The Steyr M9-A1 packs 17+1 rounds of 9mm in a compact package with innovative styling and safety features. Shown here with the SureFire X300 WeaponLight mounted.
The Steyr M9-A1 is a gun that has, shall we say, been around the block, and has made a return to the forefront of the Steyr line of military and law enforcement models in just the last year. The M9-A1 design is distinctive, compared to a Glock, Sig Sauer or Smith & Wesson M&P semi-auto, in that the Steyr feels different in the hand than a more traditionally styled sidearm. The best word to describe that difference is “ergonomic,” a term more often associated with automobile interiors than handguns; but in the case of Steyr’s revised M9-A1, it’s a good word to use.
At first glance the M9-A1 looks oddly shaped, appearing to increase in proportions from the breech to the muzzle. In other words, it looks wider at the front than the back. This is partially, but not entirely, an optical illusion due to the deep contours of the triggerguard and a sharply tapered frame that slants upward toward the grips. The backstrap is also deeply recessed to position the back of the frame higher over the hand, thereby creating a low barrel axis to help reduce muzzle flip. Once you pick this gun up, wrap your hand around it and take aim down the trapezoidal (triangular) sights, it all begins to make sense. This is a gun you absolutely have to handle before passing even the slightest judgment.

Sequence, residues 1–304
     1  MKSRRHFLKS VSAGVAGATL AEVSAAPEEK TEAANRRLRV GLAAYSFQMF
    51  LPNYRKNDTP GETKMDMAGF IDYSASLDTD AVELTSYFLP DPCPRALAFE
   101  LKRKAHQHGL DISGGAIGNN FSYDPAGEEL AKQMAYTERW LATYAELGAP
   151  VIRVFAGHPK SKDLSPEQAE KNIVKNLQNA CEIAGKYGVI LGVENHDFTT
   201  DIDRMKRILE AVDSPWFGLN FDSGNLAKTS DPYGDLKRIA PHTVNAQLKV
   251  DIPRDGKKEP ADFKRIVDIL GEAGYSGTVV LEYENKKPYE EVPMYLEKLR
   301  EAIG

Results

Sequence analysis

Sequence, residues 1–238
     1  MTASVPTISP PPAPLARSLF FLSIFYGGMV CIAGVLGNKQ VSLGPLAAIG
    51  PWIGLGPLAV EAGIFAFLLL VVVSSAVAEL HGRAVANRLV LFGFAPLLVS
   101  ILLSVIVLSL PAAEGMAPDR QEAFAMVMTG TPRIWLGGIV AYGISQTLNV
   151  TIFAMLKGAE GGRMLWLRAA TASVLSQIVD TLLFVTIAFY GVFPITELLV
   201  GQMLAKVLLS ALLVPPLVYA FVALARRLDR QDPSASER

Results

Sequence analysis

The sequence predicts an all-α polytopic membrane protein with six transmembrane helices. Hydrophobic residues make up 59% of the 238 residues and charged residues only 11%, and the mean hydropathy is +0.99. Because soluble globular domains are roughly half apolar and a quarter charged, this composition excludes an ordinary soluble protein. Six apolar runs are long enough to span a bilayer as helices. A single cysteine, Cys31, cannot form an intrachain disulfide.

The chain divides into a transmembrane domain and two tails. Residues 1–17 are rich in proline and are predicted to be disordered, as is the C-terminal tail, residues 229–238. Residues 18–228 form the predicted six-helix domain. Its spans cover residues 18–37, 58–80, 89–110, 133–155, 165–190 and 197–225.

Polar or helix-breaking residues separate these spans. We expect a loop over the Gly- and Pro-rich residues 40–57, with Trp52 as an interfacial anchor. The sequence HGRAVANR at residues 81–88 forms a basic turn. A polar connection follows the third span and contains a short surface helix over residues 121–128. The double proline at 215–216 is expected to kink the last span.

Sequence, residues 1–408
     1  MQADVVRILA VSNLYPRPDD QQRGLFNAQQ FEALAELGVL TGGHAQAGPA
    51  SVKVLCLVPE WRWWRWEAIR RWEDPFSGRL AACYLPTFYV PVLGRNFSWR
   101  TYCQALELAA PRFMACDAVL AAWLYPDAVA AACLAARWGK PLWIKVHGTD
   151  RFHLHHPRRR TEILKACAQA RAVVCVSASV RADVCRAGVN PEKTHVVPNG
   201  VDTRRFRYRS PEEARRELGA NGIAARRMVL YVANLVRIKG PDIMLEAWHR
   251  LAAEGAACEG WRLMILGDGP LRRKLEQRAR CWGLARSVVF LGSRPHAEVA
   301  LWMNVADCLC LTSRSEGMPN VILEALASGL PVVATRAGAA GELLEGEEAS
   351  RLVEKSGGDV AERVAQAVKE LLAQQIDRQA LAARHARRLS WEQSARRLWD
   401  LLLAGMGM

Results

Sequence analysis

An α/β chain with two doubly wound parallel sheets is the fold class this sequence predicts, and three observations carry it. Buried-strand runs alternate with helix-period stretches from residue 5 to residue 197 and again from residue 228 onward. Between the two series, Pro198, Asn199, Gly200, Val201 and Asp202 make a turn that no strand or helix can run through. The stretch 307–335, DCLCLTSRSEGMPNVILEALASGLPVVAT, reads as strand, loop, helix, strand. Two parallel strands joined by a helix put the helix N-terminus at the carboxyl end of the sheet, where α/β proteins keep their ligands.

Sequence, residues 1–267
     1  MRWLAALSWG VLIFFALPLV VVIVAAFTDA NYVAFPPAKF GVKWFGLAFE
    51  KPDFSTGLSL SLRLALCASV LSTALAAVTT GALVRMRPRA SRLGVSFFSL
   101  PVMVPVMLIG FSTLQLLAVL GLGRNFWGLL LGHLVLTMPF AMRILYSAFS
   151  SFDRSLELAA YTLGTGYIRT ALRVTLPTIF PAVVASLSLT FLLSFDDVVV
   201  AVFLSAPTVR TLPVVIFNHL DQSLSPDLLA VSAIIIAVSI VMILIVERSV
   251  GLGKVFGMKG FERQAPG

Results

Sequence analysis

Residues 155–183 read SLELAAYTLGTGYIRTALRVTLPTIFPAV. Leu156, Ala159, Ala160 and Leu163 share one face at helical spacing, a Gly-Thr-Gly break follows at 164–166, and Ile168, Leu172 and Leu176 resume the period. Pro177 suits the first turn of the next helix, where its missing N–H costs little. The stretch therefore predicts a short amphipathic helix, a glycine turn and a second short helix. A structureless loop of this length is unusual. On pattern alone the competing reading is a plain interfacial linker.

The Steyr Model M-A1 pistols, chambered in 9mm and .40 S&W, evolved from the original M-Series introduced in 1999. The M Series was Steyr’s first synthetic (polymer) frame semi-auto and the first model to use a Glock-style trigger safety system, which Steyr calls a “Reset Action Trigger.” In addition to the gun’s unusual shape, the M Series introduced Steyr’s patented triangular trapezoidal sighting system. It was an unconventional looking gun, but every feature proved to be exceptional, even the trapezoidal sights.
The Steyr M9-A1 packs 17+1 rounds of 9mm in a compact package with innovative styling…
by Jack Satterfield / Jan 1, 2012